Creating S4 class: setClass() command is used to create S4 class. Following is the syntax for setclass command which denotes myclass with slots containing name and rollno.


     setClass("myclass", slots=list(name="character", Roll_No="numeric"))  


    # Function setClass() command used 
    # to create S4 class containing list of slots.
    setClass("Student", slots=list(name="character"
    # 'new' keyword used to create object of class 'Student'   
    a <- new("Student", name="Adam", Roll_No=20)  
    # Calling object


    Slot "name":
    [1] "Adam"
    Slot "Roll_No":
    [1] 20

The reasons for defining both S3 and S4 class are as follows:

  • S4 class alone will not be seen if the S3 generic function is called directly. This will be the case, for example, if some function calls unique() from a package that does not make that function an S4 generic.
  • However, primitive functions and operators are exceptions: The internal C code will look for S4 methods if and only if the object is an S4 object. S4 method dispatch would be used to dispatch any binary operator calls where either of the operands was an S4 object.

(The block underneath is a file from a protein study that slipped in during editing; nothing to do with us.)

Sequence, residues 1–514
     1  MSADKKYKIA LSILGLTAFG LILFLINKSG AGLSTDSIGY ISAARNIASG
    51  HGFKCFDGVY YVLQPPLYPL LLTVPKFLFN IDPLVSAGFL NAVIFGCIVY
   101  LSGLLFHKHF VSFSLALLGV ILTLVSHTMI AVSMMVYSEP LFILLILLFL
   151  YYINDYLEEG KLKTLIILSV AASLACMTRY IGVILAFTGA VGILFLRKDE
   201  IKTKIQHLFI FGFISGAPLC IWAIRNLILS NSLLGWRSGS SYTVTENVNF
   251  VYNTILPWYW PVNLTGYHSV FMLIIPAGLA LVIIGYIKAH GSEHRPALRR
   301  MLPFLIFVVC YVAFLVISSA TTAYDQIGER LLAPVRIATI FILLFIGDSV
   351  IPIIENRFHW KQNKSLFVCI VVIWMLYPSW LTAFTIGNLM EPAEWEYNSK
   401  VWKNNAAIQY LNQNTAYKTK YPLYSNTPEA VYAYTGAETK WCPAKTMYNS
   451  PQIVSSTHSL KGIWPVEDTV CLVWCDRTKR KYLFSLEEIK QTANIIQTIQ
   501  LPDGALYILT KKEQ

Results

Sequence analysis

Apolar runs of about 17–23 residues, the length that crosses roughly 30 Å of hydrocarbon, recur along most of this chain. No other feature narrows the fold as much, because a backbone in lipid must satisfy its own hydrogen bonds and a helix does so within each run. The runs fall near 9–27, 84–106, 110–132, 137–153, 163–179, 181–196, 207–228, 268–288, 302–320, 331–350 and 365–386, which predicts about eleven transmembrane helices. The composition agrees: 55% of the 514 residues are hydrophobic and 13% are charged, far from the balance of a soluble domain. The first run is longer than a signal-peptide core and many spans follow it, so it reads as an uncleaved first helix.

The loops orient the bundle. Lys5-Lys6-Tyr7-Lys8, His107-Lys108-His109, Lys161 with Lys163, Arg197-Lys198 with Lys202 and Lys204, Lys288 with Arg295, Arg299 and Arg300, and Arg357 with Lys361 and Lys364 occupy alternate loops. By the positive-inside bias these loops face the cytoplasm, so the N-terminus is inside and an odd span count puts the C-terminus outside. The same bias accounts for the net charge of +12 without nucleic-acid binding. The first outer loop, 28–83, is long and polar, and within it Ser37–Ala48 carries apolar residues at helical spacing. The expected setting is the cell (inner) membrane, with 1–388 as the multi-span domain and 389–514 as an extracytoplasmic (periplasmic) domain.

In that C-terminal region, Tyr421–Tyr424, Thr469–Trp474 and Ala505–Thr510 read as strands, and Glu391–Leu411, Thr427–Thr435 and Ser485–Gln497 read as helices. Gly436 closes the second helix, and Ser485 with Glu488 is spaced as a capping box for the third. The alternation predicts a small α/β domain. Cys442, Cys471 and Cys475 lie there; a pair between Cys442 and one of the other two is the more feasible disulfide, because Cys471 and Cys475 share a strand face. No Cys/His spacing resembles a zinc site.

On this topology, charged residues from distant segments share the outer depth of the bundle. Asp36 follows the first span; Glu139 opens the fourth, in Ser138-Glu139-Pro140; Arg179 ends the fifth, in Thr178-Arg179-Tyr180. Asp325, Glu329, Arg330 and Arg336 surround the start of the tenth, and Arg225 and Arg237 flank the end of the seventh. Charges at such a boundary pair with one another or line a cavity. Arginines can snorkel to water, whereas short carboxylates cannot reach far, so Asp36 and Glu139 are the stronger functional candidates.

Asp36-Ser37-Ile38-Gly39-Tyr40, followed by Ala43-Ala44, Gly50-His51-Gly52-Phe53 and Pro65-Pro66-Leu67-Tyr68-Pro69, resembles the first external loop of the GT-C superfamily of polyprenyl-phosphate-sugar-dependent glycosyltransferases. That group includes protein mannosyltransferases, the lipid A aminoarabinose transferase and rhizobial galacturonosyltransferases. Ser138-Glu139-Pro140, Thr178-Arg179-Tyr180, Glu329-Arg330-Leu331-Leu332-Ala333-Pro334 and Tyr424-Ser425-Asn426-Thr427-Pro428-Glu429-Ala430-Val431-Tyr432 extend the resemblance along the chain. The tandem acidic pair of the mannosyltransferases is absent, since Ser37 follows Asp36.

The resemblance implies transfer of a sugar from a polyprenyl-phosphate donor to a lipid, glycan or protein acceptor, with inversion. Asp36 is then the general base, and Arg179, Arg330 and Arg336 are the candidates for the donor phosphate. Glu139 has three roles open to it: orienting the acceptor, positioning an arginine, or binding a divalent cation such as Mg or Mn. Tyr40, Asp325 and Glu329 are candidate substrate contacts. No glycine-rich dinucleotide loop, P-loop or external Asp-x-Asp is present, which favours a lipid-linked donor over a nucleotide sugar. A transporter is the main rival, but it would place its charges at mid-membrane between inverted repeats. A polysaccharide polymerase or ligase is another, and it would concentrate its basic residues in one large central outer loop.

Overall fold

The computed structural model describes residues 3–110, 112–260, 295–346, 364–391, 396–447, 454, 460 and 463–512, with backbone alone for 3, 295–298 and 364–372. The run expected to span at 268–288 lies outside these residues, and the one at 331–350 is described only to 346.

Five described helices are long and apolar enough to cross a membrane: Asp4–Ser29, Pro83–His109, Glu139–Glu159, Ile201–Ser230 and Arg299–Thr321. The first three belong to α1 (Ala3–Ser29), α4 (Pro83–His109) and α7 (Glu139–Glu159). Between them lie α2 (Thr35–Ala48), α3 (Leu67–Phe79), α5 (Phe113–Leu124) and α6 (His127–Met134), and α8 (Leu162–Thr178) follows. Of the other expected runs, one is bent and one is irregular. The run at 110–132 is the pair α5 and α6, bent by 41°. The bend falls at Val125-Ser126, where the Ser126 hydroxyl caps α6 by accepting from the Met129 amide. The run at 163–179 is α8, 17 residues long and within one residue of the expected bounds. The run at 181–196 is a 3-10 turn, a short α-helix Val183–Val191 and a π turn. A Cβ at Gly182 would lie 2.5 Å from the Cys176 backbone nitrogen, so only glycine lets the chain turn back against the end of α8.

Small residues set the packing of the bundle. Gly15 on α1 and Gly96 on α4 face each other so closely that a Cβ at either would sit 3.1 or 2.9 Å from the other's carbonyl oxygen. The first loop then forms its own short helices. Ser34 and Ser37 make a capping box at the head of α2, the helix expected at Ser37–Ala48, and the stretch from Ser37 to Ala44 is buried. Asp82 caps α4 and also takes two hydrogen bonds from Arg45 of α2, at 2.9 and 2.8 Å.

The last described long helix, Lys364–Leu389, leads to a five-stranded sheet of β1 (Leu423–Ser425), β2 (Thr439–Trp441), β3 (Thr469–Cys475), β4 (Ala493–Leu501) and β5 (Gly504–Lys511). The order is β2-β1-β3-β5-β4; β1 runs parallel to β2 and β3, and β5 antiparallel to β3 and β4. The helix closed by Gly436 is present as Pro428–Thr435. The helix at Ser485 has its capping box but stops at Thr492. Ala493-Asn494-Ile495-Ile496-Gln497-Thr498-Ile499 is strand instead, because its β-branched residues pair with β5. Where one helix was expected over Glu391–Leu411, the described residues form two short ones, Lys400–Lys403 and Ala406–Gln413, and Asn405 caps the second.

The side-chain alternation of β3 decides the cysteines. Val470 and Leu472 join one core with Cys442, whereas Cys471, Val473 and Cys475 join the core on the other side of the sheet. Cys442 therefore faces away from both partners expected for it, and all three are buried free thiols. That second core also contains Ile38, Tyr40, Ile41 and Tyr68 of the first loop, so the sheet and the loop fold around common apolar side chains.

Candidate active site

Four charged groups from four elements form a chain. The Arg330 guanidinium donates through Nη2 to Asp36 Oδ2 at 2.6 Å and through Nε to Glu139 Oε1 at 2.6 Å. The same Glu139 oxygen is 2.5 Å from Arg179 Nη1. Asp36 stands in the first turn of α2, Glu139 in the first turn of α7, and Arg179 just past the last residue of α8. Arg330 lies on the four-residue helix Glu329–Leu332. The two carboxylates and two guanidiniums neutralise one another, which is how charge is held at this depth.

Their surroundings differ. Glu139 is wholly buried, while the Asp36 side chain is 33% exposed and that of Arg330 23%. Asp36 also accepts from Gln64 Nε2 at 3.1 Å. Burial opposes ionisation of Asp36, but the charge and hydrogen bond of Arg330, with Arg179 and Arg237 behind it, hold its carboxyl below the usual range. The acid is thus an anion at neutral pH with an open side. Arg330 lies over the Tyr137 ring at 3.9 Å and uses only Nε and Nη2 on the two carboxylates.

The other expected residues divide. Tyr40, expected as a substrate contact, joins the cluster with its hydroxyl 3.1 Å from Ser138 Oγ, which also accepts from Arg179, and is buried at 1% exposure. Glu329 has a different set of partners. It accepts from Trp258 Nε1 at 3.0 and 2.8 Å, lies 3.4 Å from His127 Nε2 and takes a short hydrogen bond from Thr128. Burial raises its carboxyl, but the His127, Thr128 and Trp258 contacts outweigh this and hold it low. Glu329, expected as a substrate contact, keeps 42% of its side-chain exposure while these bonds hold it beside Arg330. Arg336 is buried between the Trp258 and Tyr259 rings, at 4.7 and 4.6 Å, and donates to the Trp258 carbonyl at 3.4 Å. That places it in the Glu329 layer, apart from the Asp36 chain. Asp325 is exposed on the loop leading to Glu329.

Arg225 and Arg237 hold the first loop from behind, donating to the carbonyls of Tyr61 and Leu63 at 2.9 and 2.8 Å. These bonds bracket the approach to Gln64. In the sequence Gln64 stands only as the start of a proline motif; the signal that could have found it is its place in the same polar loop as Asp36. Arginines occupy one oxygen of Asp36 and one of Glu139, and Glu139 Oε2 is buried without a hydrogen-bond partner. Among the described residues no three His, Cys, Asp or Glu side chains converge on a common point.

• S3 class alone will not be called if there is any eligible non-default S4 method.

So if a package defined an S3 method for unique for an S4 class but another package defined an S4 method for a superclass of that class, the superclass method would be chosen, probably not what was intended.


Inheritance is an important concept in OOP(object-oriented programming) which allows one class to derive the features and functionalities of another class. This feature facilitates code-reusability.

In the following code, inheritance is done using S3 class, firstly the object is created of the class student.

# student function with argument name(n) and roll_no(r)
student <- function(n, r) {
     value <- list(name=n, Roll=r)
     attr(value, "class") <- "student"

Then, method is defined to print the details of student.

# 'print.student' method created
print.student <- function(obj) {
     # 'cat' function is used to concatenate strings
     cat("Name:", obj$name, "\n")
     cat("Roll", obj$roll, "\n")}

Now, inheritance is done while creating another class by doing class(obj) <- c(child, parent).

s <- list(name="Kesha", Roll=21, country="India")
# child class 'Student' inherits
# parent class 'student'